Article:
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Discussion Panel: Making Global Markets Work for American Workers

Paper Session

Friday, Jan. 3, 2020 2:30 PM - 4:30 PM (PDT)

Manchester Grand Hyatt, Harbor E
Hosted By: Labor and Employment Relations Association
  • Chair: Katheryn Russ, University of California-Davis

Everybody Wins, Except for Most of Us

Josh Bivens
Economic Policy Institute


A key contribution is simply to translate the costs of globalization for workers on the losing end into easily understandable terms: dollars per worker (or household). This book finds that the annual losses to a full-time median-wage earner in 2006 total approximately $1,400. For a typical household with two earners, the loss is more than $2,500. These losses are as high or higher than other economic costs commonly presented as much more damaging to American families, such as the cost of health care, spikes in gasoline and fuel oil prices, the cost of a child's four-year college education, or the funds needed to remedy a possible shortfall in the future of Social Security. To deal with a harm as large and widespread as that imposed by globalization, we need to think much more ambitiously about public policy that re-links aggregate and individual prosperity, a policy that uses all the levers available: social insurance, public investment, fairer economic rules, and redistribution when other tools fail to provide egalitarian outcomes. Further, despite much protestation to the contrary, the globalization status quo is at least as stingy to the poor trading partners of the United States as it is to American workers. There is no real danger to progressive goals in calling for its complete upending.

So far we have been content to allow globalization without compensation to proceed apace. This complacency has already hurt us, and the damage will only grow in the future.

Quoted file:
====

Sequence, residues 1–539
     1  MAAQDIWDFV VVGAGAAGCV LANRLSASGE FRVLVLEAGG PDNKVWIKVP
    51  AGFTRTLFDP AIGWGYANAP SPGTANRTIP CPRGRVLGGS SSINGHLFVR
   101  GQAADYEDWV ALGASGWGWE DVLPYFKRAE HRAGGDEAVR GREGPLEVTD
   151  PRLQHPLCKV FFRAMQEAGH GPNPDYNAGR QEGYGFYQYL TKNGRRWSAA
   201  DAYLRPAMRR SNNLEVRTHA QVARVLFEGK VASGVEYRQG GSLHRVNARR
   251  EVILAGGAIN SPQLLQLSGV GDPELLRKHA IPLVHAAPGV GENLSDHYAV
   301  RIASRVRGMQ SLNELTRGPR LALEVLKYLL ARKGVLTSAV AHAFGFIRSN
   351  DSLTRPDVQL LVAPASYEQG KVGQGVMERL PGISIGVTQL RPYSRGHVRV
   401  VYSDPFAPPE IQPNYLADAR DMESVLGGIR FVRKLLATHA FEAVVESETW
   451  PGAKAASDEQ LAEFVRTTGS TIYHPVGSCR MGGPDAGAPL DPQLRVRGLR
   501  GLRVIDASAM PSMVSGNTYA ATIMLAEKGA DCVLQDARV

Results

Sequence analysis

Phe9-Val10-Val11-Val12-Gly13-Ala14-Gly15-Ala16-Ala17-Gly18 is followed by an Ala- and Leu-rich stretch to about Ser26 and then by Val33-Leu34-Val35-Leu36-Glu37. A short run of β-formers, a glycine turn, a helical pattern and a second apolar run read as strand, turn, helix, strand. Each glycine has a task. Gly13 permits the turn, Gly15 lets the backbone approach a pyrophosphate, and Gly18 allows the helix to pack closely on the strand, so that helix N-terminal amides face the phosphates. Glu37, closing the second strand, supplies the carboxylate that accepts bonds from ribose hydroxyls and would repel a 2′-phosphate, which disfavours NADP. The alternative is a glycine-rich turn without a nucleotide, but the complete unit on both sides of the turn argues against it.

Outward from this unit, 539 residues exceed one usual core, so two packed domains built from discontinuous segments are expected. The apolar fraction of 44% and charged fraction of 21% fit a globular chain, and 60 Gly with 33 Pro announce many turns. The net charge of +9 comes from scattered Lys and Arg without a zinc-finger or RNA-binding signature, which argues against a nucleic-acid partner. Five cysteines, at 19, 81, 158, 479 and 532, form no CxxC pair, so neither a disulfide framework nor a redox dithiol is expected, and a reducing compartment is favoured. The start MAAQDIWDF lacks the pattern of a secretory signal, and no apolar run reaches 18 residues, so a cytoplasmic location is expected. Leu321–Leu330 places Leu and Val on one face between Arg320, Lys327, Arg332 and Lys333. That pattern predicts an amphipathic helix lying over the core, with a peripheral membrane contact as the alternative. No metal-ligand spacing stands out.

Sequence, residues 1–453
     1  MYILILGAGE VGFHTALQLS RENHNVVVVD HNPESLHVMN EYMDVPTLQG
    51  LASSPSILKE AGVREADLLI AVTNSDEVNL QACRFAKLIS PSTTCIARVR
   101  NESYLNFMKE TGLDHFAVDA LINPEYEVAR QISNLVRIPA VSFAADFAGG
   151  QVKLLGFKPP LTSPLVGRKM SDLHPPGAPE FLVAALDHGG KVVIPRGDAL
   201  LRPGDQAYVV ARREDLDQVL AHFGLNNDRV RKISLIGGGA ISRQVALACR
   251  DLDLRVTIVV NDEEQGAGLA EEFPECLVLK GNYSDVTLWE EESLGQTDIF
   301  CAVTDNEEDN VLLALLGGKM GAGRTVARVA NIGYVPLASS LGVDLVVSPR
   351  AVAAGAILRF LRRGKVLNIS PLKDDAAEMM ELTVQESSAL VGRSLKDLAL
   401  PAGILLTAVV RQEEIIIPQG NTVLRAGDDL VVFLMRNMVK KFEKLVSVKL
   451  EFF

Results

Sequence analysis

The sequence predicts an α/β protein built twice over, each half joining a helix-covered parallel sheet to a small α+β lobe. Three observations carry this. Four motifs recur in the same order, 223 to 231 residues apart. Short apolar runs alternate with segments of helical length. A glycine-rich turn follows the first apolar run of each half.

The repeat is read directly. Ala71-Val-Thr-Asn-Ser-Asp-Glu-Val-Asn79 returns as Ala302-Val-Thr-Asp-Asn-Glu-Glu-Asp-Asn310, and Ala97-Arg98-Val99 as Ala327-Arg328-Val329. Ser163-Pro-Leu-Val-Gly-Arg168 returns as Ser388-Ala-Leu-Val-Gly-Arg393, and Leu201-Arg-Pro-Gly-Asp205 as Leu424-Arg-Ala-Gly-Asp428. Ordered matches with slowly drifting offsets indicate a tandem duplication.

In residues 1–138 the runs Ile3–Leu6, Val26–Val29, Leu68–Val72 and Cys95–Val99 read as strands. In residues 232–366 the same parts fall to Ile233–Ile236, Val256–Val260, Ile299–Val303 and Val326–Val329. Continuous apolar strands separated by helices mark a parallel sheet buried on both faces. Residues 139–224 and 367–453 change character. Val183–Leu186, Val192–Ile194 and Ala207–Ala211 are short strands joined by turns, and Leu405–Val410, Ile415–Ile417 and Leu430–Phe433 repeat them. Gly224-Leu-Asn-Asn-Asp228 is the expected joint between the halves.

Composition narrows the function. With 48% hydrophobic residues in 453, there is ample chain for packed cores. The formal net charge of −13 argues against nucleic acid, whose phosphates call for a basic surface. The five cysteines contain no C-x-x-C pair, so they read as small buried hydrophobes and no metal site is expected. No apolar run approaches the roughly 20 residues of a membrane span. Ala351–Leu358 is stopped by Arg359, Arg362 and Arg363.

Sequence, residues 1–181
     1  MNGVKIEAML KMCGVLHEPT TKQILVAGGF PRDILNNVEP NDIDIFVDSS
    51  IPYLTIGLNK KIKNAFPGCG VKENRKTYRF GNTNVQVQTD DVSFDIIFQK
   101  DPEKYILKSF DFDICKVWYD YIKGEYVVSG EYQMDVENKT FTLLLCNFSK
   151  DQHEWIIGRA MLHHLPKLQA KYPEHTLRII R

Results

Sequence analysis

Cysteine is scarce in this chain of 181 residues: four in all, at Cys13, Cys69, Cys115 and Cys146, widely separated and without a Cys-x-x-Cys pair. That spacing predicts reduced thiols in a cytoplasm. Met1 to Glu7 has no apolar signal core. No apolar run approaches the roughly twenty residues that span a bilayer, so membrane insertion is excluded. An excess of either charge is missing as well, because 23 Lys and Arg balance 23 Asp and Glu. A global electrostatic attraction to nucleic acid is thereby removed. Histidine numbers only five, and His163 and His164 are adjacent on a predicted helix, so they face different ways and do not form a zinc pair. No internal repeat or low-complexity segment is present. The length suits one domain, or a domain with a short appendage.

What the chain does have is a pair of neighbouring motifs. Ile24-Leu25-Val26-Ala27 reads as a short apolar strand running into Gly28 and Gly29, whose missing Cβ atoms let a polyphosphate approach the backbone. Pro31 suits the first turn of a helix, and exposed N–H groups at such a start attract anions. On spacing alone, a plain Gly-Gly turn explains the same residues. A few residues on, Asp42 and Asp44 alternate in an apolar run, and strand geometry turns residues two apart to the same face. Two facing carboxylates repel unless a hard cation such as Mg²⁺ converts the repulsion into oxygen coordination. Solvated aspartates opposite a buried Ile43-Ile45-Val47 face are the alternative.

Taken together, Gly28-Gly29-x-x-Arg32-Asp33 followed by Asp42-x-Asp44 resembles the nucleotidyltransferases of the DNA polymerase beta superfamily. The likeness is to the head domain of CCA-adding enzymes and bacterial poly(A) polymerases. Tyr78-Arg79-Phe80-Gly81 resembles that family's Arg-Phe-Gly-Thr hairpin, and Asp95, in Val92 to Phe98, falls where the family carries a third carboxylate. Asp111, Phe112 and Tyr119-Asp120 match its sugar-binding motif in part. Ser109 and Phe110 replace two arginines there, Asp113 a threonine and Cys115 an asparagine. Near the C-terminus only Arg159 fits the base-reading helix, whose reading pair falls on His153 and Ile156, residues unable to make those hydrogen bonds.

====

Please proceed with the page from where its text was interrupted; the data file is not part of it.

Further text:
Open: The Progressive Case for Free Trade, Immigration, and Global Capital

Kimberly Clausing
Reed College


Americans, especially those with middle and lower incomes, face stark economic challenges. But these problems do not require us to retreat from the global economy. On the contrary, an open economy overwhelmingly helps. International trade makes countries richer, raises living standards, benefits consumers, and brings nations together. Global capital mobility helps both borrowers and lenders. International business improves efficiency and fosters innovation. And immigration remains one of America's greatest strengths, as newcomers play an essential role in economic growth, innovation, and entrepreneurship. Closing the door to the benefits of an open economy would cause untold damage. Instead, Clausing outlines a progressive agenda to manage globalization more effectively, presenting strategies to equip workers for a modern economy, improve tax policy, and establish a better partnership between labor and the business community.

Straight Talk on Trade: Ideas for a Sane World Economy

Dani Rodrik
Harvard University


Rodrik takes globalization's cheerleaders to task, not for emphasizing economics over other values, but for practicing bad economics and ignoring the discipline's own nuances that should have called for caution. He makes a case for a pluralist world economy where nation-states retain sufficient autonomy to fashion their own social contracts and develop economic strategies tailored to their needs. Rather than calling for closed borders or defending protectionists, Rodrik shows how we can restore a sensible balance between national and global governance. Ranging over the recent experiences of advanced countries, the eurozone, and developing nations, Rodrik charts a way forward with new ideas about how to reconcile today's inequitable economic and technological trends with liberal democracy and social inclusion. Deftly navigating the tensions among globalization, national sovereignty, and democracy, Straight Talk on Trade presents an indispensable commentary on today's world economy and its dilemmas, and offers a visionary framework at a critical time when we need it most.
Jason Furman
Harvard University
JEL Classifications
  • F1 - Trade